The many faces of anxiety: Anxiety types & symptoms, explained

GAD, PTSD, PD and other letters that make up anxiety.

Published on
August 12, 2022

Almost everyone has experienced it. You climb into bed, turn off the lights, and suddenly your brain is running through your day at marathon speed. Did I turn in that report at work? Did I lock the front door? What about those bills due at the end of the week - how am I going to pay those? And that presentation I have to do tomorrow - am I prepared? Remember the last time I embarrassed myself?

It happens to the best of us. Anxiety is a normal, natural response to life stressors. It’s a state of heightened alertness that helps you become more aware of your surroundings and helps you prepare for possible dangers - whether that’s physical safety, like being alone in a dark parking lot, or emotional safety, like preparing yourself for a test or presentation. But when anxiety becomes so intense that it causes problems at work, school, or in your relationships, or if it lasts even after the stressful event or situation is resolved, these might be indicators of a deeper problem.

Anxiety - What exactly is it?

The American Psychological Association (APA) defines anxiety as “an emotion characterized by feelings of tension, worried thoughts, and physical changes like increased blood pressure.” Yep - anxiety isn’t “just in your head.” Affecting over 40 million people in the US alone, anxiety disorders are the most common mental health diagnoses. Anxiety frequently co-occurs with other mental health conditions such as depression and ADHD. The National Institute of Mental Health (NAMI) outlines several different types of anxiety disorders; here are some of the most common.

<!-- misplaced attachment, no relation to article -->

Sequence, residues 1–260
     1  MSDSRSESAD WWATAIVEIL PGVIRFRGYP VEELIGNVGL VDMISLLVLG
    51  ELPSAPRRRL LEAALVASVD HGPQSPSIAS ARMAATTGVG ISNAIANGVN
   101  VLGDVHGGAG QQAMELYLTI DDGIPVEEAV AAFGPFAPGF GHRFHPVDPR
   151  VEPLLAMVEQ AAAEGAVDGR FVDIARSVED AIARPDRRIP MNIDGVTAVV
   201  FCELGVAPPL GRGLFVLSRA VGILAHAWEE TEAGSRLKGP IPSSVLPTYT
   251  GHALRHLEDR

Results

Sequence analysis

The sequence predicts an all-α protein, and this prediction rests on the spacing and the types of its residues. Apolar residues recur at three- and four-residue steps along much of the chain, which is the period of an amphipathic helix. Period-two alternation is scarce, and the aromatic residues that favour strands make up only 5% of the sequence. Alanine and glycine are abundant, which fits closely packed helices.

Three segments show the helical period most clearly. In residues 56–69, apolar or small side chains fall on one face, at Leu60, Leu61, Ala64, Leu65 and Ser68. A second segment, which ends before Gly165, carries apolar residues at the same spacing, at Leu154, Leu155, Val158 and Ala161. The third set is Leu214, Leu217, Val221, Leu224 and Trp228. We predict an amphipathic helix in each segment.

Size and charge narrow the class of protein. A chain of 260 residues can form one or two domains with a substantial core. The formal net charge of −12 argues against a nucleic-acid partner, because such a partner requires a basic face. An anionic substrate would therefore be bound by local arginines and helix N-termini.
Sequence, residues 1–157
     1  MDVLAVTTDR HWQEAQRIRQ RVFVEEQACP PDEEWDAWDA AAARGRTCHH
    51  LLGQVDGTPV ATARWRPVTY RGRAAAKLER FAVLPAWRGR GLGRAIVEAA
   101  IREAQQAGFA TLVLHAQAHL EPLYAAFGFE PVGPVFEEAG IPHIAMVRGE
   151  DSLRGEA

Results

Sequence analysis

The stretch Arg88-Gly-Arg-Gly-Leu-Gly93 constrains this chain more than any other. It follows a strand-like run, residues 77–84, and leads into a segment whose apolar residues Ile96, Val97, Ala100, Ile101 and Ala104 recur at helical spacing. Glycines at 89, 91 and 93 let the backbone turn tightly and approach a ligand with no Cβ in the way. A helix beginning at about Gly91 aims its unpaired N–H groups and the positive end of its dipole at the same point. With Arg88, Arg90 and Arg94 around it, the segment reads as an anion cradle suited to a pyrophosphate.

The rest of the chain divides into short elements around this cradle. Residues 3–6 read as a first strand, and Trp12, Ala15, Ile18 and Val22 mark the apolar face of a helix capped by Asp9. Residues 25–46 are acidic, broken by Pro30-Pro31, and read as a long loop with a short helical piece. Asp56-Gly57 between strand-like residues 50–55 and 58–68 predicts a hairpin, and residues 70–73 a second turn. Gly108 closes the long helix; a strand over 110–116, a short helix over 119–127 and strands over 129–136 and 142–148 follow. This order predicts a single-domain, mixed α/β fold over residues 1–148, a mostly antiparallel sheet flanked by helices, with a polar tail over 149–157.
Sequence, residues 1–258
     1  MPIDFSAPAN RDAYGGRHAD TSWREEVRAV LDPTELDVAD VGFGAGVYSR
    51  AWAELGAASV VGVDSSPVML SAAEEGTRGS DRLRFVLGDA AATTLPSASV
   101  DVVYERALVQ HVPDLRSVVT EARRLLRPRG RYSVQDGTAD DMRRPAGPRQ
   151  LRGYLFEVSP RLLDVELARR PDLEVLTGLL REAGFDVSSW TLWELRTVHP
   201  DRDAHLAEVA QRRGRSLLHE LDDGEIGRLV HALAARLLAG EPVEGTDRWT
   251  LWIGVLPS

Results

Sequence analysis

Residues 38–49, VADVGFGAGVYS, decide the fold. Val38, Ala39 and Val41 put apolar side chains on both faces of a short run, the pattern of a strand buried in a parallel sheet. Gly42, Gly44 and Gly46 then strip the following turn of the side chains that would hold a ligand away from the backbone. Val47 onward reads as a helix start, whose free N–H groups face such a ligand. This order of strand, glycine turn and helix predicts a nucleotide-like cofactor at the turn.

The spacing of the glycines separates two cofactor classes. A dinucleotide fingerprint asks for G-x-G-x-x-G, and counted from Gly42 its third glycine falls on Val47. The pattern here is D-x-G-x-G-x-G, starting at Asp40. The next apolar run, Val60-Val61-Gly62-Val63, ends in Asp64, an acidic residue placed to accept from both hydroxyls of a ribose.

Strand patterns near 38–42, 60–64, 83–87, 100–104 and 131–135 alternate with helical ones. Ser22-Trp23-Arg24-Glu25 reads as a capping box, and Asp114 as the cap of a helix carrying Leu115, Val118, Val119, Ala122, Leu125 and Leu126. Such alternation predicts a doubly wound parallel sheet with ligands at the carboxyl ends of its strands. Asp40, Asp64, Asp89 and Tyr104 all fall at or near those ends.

Types of Anxiety

Generalized Anxiety Disorder (GAD)

Generalized Anxiety Disorder is characterized by “excessive” worry about everyday events or activities. It’s normal to worry to a certain degree about stressors like work, relationships, and any number of other life situations. “Excessive” usually means that the worry you’re experiencing is so severe that it’s impacting functioning in one or more areas of your life, and continues for more than six months regardless of the circumstances. For example, you might constantly be worrying about your finances, even when your bills are all paid, or worry excessively about your grades in school even if you’ve always been an A student.

Social Anxiety Disorder (SAD)

Social Anxiety Disorder, also sometimes called Social Phobia, is characterized by excessive worry or concern about social events or situations. This isn’t just shyness or discomfort. Again, diagnosis requires that the Social Anxiety causes problems in one or more areas of life. The Social Anxiety sufferer usually worries so much about social situations that they avoid them altogether, leave early, or make excuses not to go. This may impact their ability to work, go to school, or maintain relationships with friends, family, or romantic partners. Specifically, they are typically worried about being negatively judged or rejected by others in social situations.

Obsessive-Compulsive Disorder (OCD)